Barriers were in the main structural, rather than lack of willingness or knowledge. A recurring issue was lack of time and/or resources. In several Trusts, clinical workload meant insufficient time to allow recruitment to studies to be prioritised in any meaningful way. This was coupled with a lack of infrastructure to support recruitment, such as dedicated research staff and/or clinical academics.
At some sites, resource limitation within clinical services, such as inadequate access to imaging for NICE-required standards of dementia diagnosis, meant only a limited number of patients could meet inclusion criteria. Furthermore, the risk of dementia increases with age, and where studies have an upper age limit within inclusion criteria, this can exclude substantial proportions of patients, and subsequently limits applicability of results. Frailty, which is strongly associated with dementia, can limit ability to take part in research studies requiring in person visits. It was also reported that recruitment materials for some studies were inappropriate. Lack of availability of information sheets in languages other than English meant that large numbers of patients were excluded based on language and literacy.
Some more general barriers were an artificial division between mental health and dementia research and a relative lack of institutional experience in the research process leading to time-consuming processes in getting research studies set up. Notably, across different Trusts and levels of service delivery, lack of training or understanding of research was not perceived to be a barrier to research engagement and recruitment.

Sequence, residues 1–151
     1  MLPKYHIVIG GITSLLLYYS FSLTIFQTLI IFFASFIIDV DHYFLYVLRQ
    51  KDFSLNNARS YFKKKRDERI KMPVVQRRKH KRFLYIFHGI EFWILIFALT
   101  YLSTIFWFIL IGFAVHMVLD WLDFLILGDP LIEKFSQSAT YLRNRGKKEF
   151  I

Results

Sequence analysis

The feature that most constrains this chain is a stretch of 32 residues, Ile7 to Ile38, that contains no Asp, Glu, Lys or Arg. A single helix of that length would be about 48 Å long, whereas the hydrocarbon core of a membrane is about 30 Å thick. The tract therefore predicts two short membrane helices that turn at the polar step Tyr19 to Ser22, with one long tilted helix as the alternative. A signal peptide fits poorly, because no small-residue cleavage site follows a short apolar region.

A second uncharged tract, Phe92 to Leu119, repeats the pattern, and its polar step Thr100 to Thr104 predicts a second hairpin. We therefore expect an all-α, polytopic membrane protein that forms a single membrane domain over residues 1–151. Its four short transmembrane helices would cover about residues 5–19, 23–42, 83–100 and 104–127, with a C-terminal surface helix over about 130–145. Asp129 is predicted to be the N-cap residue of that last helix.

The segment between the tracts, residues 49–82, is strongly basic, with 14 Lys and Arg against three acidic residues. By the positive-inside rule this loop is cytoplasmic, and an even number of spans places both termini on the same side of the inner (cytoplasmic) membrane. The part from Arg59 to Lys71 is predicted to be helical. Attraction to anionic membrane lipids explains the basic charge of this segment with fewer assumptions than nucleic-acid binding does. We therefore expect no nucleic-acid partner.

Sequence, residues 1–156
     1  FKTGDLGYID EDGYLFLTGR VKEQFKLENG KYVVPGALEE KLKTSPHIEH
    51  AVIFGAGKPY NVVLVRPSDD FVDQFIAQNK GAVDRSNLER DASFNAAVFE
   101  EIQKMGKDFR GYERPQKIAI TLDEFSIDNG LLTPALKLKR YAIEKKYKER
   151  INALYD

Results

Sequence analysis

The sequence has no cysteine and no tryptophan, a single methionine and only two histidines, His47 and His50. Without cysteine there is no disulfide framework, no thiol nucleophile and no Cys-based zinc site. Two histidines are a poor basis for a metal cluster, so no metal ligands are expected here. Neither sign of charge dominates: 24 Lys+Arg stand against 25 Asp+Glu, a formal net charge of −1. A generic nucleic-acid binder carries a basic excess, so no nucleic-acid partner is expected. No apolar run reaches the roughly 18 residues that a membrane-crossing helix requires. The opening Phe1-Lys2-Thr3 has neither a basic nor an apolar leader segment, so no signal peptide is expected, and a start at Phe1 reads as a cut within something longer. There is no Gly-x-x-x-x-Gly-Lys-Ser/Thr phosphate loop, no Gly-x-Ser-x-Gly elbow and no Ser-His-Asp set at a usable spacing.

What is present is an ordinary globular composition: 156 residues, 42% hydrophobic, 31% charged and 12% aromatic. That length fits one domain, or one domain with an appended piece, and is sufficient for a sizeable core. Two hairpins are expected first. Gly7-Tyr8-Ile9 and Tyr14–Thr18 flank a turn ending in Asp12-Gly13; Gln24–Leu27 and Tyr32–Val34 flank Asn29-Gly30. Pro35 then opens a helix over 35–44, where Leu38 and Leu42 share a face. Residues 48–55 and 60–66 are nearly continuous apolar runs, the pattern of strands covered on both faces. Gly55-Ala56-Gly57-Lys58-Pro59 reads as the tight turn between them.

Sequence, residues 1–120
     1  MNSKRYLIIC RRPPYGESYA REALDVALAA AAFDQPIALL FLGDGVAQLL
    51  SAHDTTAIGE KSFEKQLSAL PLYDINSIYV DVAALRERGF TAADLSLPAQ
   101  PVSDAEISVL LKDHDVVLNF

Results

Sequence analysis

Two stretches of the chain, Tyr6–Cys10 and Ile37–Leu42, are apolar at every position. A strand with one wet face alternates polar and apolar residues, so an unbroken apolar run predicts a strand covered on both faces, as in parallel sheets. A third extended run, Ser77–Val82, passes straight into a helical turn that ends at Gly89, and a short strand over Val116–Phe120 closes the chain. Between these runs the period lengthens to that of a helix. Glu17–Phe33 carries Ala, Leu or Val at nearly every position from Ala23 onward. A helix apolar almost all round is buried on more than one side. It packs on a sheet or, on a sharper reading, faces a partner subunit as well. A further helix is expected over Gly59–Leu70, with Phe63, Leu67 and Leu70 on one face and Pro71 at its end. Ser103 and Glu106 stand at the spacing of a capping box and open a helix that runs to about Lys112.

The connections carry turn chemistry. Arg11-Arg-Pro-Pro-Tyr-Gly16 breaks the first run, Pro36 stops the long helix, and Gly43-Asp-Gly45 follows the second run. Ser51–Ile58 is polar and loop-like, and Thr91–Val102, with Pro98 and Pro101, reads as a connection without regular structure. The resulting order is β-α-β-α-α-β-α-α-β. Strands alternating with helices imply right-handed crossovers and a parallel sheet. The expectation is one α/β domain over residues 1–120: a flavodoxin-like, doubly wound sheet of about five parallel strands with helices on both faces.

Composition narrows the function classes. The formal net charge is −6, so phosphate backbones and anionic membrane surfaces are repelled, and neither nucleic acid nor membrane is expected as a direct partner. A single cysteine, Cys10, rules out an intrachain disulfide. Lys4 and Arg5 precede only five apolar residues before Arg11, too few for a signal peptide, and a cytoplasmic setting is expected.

How can research involvement be improved across Trusts?
Any intervention needs to address the issues highlighted above, rather than further stretching or dividing services. Service benefits from research take time to accrue, thus enabling interventions need to have rapid impact to produce tangible benefit for people living with dementia and their clinicians. Leveraging existing infrastructure is a clear part of the solution alongside learning from high-performing sites, so that excellence can be emulated.
Better engagement of under-represented groups can also be achieved through infrastructures such as the NIHR Clinical Research Networks (changed to NIHR Research Delivery Networks from April 2024) which coordinate high-quality research through support to research sites. A particular aim of the new NIHR Regional Research Delivery Network is to bring research to under-served regions and communities.
Importantly, more general uptake in dementia research participation will lead to increased recruitment amongst under-served groups. However, to specifically improve equity of access for underserved groups, there is a need for targeted strategies, as highlighted in the recent NIHR-INCLUDE roadmap . These need to be considered by funders and reviewers, in addition to researchers and delivery teams within Trusts. Research teams need to ensure their inclusion/exclusion criteria serve the target population; and that any intervention is accessible to the range of patients in their population. Funders and reviewers should ensure that study outcomes are of relevance to the population being studied; and most important for improving democratisation to research: delivery teams need to identify the under-served groups within their delivery areas (or Trust) as well as the specific barriers to including these groups. It is vital to specifically involve patients from under-served groups in planning potential solutions to widen their participation.